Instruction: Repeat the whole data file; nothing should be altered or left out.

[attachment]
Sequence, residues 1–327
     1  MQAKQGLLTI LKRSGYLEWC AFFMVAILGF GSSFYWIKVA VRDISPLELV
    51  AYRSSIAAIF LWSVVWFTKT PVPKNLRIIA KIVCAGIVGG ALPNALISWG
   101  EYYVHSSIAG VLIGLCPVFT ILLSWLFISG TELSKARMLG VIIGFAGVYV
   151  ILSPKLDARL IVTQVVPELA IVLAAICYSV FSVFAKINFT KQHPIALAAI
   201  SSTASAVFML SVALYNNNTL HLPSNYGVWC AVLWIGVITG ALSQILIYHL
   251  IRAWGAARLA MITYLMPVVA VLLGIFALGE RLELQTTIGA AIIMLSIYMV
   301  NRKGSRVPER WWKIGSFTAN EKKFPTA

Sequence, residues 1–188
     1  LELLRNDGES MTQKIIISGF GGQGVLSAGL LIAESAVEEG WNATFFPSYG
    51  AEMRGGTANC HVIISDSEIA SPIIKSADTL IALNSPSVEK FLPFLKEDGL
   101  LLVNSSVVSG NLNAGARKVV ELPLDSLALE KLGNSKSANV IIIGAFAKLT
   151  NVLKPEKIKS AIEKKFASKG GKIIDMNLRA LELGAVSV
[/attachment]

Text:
Sequence, residues 1–327
     1  MQAKQGLLTI LKRSGYLEWC AFFMVAILGF GSSFYWIKVA VRDISPLELV
    51  AYRSSIAAIF LWSVVWFTKT PVPKNLRIIA KIVCAGIVGG ALPNALISWG
   101  EYYVHSSIAG VLIGLCPVFT ILLSWLFISG TELSKARMLG VIIGFAGVYV
   151  ILSPKLDARL IVTQVVPELA IVLAAICYSV FSVFAKINFT KQHPIALAAI
   201  SSTASAVFML SVALYNNNTL HLPSNYGVWC AVLWIGVITG ALSQILIYHL
   251  IRAWGAARLA MITYLMPVVA VLLGIFALGE RLELQTTIGA AIIMLSIYMV
   301  NRKGSRVPER WWKIGSFTAN EKKFPTA

Sequence, residues 1–188
     1  LELLRNDGES MTQKIIISGF GGQGVLSAGL LIAESAVEEG WNATFFPSYG
    51  AEMRGGTANC HVIISDSEIA SPIIKSADTL IALNSPSVEK FLPFLKEDGL
   101  LLVNSSVVSG NLNAGARKVV ELPLDSLALE KLGNSKSANV IIIGAFAKLT
   151  NVLKPEKIKS AIEKKFASKG GKIIDMNLRA LELGAVSV